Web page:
This blog is dedicated to the ever changing welfare issues surrounding companion animals. From puppy farms to rescue and adoption; this blog will completely focus on our four legged friends. Please feel free to submit any stories, updates or newsworthy articles related to companion animals.
So when I write something, I usually go through detail to back up the reasons behind my post. But this one is pretty simple.
Do not buy a rabbit for your child this Easter. It is not a pet that lasts for that one weekend, it is a commitment for many years to come.
Stop being selfish and adopt, don’t buy
This is an RSPCA UK advertisement showing the issues with dogs bred for cosmetic value.
Generally, these are your dogs that have been bred for being able to work for a long duration of time at sometimes a fast pace. This includes your Kelpies, Cattle Dogs, Border Collies, Huskies and Shepherds. Labradors and Retrievers come into this category as well especially when they are at a young age, as they need a lot of stimulation. These dogs need a very large area to run around in, at least one long (at least 1 and a half hours) walk a day and plenty of toys to keep them stimulated. Again I stress this as generalised, but I don’t know any Kelpies who live happily in an apartment without mental and physical stimulation. These breeds would benefit from obedience training as well, especially if they are at a young age. Not only does this promote good behaviour and bring a special bond between you and your pet, you are also socialising your dog with others.
Highly active dogs need a lot of attention, thus need a lot of your time. If you can only spend 2-4 hours with your dog per day then I guarantee that any of these breeds or cross breeds are right for you.
Active dogs still need a lot of time and exercise, but not at such an extent that highly active dogs do. Some of the breeds stated above could come into this category and vice versa but I’m just going with what I have in my own experience. This category includes; Rottweilers, Jack Russell Terriers, Fox Terriers, Dalmatians, Mastiff breeds, Staffies and Greyhounds. These dogs should have a long walk (at least 1 hour) per day as well as plenty of toys for mental stimulation. Kongs are really great toys to keep your dog entertained for hours, a great item to use while you’re out of the house to keep them occupied. I also recommend switching their toys around every week or so, so there’s always something new for the dog to play with. A large backyard would also benefit this range of dogs, though they wouldn’t so much need a farm to run around on.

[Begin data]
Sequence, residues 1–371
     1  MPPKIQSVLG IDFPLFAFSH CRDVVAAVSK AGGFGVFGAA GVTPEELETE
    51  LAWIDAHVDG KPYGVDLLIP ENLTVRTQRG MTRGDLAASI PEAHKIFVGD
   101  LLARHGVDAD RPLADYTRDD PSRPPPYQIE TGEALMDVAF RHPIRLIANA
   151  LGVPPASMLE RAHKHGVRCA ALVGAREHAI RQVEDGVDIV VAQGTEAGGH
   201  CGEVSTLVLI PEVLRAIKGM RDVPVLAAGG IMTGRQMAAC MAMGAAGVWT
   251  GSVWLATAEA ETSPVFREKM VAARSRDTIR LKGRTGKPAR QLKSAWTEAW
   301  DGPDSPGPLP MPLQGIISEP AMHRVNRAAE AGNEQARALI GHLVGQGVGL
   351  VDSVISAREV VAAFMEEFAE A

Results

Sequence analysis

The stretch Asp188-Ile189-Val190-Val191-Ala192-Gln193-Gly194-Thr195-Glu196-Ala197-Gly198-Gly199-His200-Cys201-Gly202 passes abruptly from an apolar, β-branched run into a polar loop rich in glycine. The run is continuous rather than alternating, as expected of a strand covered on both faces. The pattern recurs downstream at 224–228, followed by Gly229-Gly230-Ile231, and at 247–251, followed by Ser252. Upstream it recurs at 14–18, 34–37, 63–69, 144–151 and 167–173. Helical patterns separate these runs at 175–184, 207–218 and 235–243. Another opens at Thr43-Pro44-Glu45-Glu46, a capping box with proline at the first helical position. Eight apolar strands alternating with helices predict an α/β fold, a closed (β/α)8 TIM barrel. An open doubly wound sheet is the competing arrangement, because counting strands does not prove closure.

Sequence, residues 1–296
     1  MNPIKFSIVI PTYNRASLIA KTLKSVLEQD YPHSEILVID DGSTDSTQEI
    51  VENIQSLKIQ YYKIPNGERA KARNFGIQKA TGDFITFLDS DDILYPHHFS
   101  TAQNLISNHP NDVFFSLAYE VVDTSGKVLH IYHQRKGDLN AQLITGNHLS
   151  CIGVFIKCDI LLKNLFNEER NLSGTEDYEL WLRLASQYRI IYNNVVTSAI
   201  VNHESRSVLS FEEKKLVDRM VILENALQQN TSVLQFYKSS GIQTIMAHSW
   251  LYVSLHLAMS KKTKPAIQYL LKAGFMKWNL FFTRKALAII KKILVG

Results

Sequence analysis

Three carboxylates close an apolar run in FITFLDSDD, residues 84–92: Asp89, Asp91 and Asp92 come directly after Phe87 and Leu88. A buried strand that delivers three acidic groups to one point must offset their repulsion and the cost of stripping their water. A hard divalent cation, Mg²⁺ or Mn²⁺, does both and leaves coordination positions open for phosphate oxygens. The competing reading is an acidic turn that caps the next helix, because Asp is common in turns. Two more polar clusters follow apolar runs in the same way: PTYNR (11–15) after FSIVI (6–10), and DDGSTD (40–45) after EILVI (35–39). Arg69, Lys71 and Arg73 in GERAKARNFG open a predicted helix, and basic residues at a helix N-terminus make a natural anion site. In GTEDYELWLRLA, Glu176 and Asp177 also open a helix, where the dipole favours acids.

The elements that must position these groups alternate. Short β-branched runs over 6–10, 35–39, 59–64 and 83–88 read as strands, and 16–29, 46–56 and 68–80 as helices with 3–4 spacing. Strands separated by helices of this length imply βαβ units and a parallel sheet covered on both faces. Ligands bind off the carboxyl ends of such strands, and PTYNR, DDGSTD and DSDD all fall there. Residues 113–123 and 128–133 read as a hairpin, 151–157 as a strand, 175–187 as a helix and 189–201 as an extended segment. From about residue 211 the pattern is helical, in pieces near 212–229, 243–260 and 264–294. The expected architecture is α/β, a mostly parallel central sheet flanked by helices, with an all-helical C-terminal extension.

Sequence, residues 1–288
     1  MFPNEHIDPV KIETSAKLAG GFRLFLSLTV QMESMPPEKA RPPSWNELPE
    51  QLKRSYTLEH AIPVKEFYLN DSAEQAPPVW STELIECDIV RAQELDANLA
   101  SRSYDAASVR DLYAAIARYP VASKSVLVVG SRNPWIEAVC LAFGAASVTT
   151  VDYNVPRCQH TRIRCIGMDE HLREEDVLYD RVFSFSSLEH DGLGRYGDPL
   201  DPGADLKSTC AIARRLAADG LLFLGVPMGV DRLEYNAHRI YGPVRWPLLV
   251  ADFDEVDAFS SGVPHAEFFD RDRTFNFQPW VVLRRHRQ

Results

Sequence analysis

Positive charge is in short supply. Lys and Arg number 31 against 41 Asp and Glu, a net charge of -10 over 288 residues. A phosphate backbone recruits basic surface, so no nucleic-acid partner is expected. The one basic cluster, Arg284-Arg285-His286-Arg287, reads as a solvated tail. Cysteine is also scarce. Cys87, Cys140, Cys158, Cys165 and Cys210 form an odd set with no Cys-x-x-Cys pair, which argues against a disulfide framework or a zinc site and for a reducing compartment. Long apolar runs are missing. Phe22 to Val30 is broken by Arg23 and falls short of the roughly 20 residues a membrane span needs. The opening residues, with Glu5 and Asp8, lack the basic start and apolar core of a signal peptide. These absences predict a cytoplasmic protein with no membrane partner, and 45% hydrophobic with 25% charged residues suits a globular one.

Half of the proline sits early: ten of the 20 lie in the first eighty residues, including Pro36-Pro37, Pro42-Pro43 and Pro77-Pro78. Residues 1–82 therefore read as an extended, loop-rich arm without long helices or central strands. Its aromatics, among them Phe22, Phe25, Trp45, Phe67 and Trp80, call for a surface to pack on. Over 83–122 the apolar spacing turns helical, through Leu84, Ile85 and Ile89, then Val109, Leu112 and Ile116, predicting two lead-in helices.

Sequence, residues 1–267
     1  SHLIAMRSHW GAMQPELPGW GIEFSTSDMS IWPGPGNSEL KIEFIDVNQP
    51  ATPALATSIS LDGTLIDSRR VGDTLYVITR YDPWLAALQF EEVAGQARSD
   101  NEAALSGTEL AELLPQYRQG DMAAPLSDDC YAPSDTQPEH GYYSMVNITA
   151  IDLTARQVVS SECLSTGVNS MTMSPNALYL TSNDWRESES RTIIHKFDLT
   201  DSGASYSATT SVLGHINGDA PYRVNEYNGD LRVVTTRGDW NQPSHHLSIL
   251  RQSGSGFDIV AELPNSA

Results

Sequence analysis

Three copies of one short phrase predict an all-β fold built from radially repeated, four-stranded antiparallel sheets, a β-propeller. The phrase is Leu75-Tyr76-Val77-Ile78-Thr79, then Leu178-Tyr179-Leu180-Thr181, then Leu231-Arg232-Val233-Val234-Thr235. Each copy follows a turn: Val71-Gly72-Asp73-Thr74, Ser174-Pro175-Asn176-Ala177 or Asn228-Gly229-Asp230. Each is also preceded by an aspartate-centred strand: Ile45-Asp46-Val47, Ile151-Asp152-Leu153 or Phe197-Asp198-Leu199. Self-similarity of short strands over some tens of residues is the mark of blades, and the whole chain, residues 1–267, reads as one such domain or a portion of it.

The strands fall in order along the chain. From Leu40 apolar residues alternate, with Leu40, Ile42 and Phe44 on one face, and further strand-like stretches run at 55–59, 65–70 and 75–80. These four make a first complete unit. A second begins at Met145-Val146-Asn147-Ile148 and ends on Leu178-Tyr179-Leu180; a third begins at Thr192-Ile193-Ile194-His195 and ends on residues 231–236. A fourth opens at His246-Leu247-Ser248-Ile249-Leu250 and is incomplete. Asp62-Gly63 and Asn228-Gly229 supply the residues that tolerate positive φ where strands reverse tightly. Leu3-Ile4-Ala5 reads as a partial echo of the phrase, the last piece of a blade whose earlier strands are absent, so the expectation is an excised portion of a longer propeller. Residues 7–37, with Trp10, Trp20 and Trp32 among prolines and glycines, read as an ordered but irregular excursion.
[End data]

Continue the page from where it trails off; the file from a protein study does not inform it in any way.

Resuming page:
Socialising your dog- at any exercise level is highly important. Off leash dog parks are a great place for your dog to not only get needed exercise, but also have fun and play with other dogs.
Active dogs need a lot of time, just like Highly Active Dogs. Make sure that your lifestyle is right for your pet.
These guys are pretty much your lap dogs; Cavalier King Charles Spaniel, Pomeranian, Shih Tzu, Pappilon etc. A short walk (half an hour) per day should keep these dogs happy, as well as some toys. But most importantly, these breeds love nothing more than human contact. I do not recommend these breeds to anyone who wants a strictly outdoor dog as they have that extra dependency on their owners. The dogs that fit into this category would be most suited in an apartment or unit that any other so if that is your lifestyle, please keep these in mind.
Even though they are low maintenance in way of exercise, all dogs need time with their owners and should never feel neglected. If you travel a lot or have very extended work hours, maybe it would be best to adopt a fish.
No matter what breed or cross breed puppy you are looking to adopt, all of them need special attention and requirements. The puppy stage is a crucial time for all dogs, this is when they should be socialised with other dogs, cats, rabbits, other humans..basically ANYTHING that they can come into contact with as an adult. If you start young, the less likely your dog will become fearful or aggressive to things it doesn’t know. Experience is key.
Obedience training is an absolute must for puppies. Not only is it great for you and the dog, but in a worst case scenario where your dog ends up back in a pound, rescue or shelter- your dog is much easier to adopt back out. Puppy Schools run in most suburbs, usually a program run by the vets. It is truly vital to at least try simple obedience training with your puppy.